The speakers were invited to showcase their organisations as three examples of best practice. All the organisations have integrating partnerships and co-production at the heart of their values, and they spoke of the benefits and challenges they had faced, as three very different organisations, all looking to use co-production in the context of criminal justice.

Startup Stock Photos

Startup Stock Photos

Supporting vulnerable women

Tomorrow’s Women Glasgow, is part of a national pilot which aims to develop community- based justice options for people who are offenders. This specific pilot focuses on vulnerable women with complex needs who are in, or have recently been involved in, the criminal justice system.

The women-only centre offers a safe space for women to come and spend time and to work with mentors to address the barriers and issues which prevent them from leading positive, healthy lives. In addition to this, the women are invited to contribute ideas towards the running of the centre, planning activities, contributing to a newsletter and hosting open days.

“The scheme gives vulnerable women a choice, a voice, a direction and opportunities”

The project is run in association with the social enterprise Outside the Box. There are some examples of Outside the Box’s other projects here.

woman hands isolated on sky background

Improving transitions from prison

Pete from Positive Prison? Positive Futures… delivered an inspiring and thought-provoking presentation about his experiences as a person with a conviction who had served time in prison and how that drove him to help others upon their release from prison. He helped to set up the organisation Positive Prison? Positive Futures… (PP?PF) which seeks to “improve the effectiveness of Scotland’s criminal justice system so as to reduce the harms caused by crime and to support the reintegration of those who are or have been subject to punishment”.

He was keen to stress that the charity is not a service provider; rather it is an initial point of contact to help direct people with convictions to the available and relevant services which already exist.

“We’re kind of like in space when you use the gravitational pull of an object to slingshot you in the right direction (Apollo 13 reference anyone?!). People are coming to us going one way, we come into contact with them, build their speed and send them in another, safer, hopefully better direction!”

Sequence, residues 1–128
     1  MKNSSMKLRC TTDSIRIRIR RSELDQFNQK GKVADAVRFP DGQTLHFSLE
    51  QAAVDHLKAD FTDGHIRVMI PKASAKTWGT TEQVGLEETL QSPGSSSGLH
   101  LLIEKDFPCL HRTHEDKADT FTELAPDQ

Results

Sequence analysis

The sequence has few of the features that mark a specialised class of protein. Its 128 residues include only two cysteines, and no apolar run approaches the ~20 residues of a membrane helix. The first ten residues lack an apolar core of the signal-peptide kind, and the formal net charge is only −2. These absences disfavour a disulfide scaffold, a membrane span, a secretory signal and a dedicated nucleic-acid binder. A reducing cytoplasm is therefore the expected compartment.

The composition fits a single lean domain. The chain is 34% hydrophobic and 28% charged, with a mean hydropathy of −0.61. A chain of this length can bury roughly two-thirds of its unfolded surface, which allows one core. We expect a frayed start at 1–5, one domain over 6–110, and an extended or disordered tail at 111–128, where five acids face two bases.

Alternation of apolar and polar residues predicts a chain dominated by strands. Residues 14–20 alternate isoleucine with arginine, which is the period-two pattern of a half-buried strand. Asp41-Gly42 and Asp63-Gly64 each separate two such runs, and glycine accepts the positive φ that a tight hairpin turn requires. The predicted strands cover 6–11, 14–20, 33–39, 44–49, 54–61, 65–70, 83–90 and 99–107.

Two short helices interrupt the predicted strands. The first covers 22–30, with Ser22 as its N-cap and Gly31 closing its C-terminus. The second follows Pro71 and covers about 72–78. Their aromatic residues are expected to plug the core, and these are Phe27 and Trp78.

In addition to this, the charity engages regularly with the Scottish Government as part of committees looking into reform of the prison service, the redesign of community justice and have, among other things, influenced policy decisions around the release of individuals from prison including transitional care.

The charity works with recently released, or soon to be released people with convictions, looking at building relationships during the vulnerable first few weeks ‘on the outside’ where re-offending and suicide rates are high. They also offer mentoring to help prepare people for the transition from prison life.

Two adult education students studying together in class.

Co-production and young people

Space Unlimited is a social enterprise based in Glasgow, which offers a creative space for young people to become involved in the planning and review of the criminal youth justice system. It encourages young people from vulnerable backgrounds, as well as young people who have served time in prison, to use their experiences to change how offending and criminal justice is viewed by young people.

The scheme aims to provide a space to show how young people can use their views to influence how the system can work best for them, to avoid re-offending and help integrate them back into society. The young people interact with adult stakeholders from across the local authority and criminal justice sector, as well as charities and third sector organisations.

“We promote and encourage children and young people to view themselves as experts in their own right, using their own experiences to promote positive change in the youth criminal justice system”

Category Picture Community Development

Creating new spaces for dialogue

What all of the case studies sought to highlight were the key elements of co-production:

      • Assets
      • Capacity
      • Mutuality
      • Networks
      • Shared roles
      • Catalysts

The speakers discussed their learning and experiences, as well as the challenges they face, but all highlighted the fundamental belief underpinning co-production – that service users and service providers can learn from one another. We create better services by engaging service users – creating services with people, not for them.

Co-production is an approach which is widely spoken about in health and social care, but as the conference and its speakers highlighted, the application and remit of co-production could be rolled out over other areas of policy too. It is all about finding groups of people willing to engage and to listen – creating a space for an exchange of dialogue, knowledge and learning. And the results could potentially be hugely beneficial for both service users and service providers. This video from the New Economics Foundation (NEF) highlights some of the benefits of co-production in practice.


Co-producing Positive Futures learning event: how co-production, learning and partnership building can improve community experiences and engage people in the criminal justice system. Scottish Co-production Network, Glasgow, 28 October 2015.